'Atarot, Al Jib (Givat Zeev), Jaba (Lil), Qalandiya, Thu 1.9.11, Afternoon

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Yael I., Orit Y. and Ilana D. (reporting)
From 2:00 till 4:30 PM

The last day of Id El Fitr

We walked into the sad neighborhood underneath Ramot which used to be part of Beit Iksa in the hope of meeting our young Hebrew speaking friend formerly from Abu Gosh. There is no more separate entrance to her part of the house and we met with her borther-in-law, the teacher and his mother, while she was inside with the babyinfo-icon and didn’t show herself. We remembered how she ‘dressed up’ modestly in front of other men when we visited with her. Since the men have cars, their main complaint at this time was the fact that the few people in their community are not allowed to make use of the Jib checkpoint in Givat Zeev like the inhabitants of  Nebi Samuel and Jib. They have to drive through Qalandia which sometimes takes two hours to reach their family members in Beit Iksa and sometimes they are not even allowed to visit them on foot, depending on the whims of the soldiers. They asked whether we could ‘do’ anything for them to facilitate their reaching schools and family. The Social Security issue has not been solved and their main fear at the moment is the fact that their little remaining land will be confiscated to accommodate the widening of the highway which will now, according to plans, run through their living room. As in the past, when they were finally granted blue Id’s, they have engaged Lea Tsemel to fight for them.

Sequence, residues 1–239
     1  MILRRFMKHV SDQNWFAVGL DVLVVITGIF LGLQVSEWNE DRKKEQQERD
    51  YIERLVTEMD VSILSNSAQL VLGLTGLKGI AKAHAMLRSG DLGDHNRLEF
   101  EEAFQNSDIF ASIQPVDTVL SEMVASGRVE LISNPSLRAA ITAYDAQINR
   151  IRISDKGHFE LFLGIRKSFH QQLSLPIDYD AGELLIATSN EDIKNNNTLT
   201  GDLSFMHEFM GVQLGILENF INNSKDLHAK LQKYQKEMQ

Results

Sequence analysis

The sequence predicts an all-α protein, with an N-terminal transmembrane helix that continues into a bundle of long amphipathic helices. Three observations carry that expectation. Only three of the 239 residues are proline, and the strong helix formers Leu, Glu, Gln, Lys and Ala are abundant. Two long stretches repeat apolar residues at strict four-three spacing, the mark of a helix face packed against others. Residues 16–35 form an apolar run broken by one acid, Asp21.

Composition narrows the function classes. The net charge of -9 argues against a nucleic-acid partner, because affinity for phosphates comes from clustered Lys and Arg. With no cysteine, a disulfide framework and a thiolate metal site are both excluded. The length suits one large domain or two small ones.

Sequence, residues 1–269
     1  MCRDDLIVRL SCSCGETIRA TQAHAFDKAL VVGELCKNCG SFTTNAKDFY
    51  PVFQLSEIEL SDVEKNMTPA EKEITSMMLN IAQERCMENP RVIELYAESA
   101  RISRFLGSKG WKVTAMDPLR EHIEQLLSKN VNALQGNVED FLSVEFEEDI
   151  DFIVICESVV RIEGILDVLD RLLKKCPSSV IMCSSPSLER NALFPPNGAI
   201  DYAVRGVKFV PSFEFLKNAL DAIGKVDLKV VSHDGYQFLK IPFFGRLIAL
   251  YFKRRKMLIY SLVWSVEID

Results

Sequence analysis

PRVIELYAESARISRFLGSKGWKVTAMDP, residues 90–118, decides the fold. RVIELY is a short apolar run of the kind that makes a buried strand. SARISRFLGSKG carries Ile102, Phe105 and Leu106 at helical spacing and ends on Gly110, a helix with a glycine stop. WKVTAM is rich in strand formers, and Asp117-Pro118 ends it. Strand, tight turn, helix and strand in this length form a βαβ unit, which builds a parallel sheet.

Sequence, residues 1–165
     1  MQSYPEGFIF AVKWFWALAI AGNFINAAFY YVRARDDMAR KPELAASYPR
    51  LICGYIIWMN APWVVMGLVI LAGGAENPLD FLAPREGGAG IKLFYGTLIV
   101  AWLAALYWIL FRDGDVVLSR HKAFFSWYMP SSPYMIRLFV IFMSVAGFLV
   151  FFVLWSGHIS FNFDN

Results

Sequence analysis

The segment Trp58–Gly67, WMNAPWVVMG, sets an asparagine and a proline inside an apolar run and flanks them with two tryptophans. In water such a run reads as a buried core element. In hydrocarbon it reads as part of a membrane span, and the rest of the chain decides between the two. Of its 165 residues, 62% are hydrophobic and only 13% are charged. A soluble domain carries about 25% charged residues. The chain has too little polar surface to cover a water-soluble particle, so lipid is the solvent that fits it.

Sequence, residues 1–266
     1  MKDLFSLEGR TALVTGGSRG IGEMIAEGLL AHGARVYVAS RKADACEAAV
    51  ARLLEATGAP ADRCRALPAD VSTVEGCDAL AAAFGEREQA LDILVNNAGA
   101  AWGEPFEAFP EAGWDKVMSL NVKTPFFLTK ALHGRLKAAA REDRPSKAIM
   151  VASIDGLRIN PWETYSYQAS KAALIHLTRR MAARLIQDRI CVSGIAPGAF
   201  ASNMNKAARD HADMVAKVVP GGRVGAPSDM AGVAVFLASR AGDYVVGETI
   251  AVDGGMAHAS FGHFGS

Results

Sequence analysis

The Givat Zeev (Jib) CP was empty as usual.

Along the roads leading to Qalandia many cars were parked and we observed some happy family reunions with family members and children all dressed up. The line of cars entering the CP from the North was very long. It turns out that Palestinians from within Israel await their relatives from the West Bank who were lucky enough to obtain a permit for a holiday visit to Jerusalem, in order to take them for a ride to Jaffa or the beach. Unfortunately the wait at the CP takes two hours or more. We talked to the driver of a van who had to take a group of handball players to Tel Aviv for a match and had just been told that after a wait of 90 minutes it would take approximately another hour for the men to be able to exit. He was furious about the wasted time. After having found out that if we were to join the line we would have to wait for more than two hours to cross, we decided not to go into the CP and turned around. We inspected the new construction in Atarot and the landscaping along the beautiful roads. A sign at the entrance stated that people without a valid permit are not allowed to enter the industrial zone.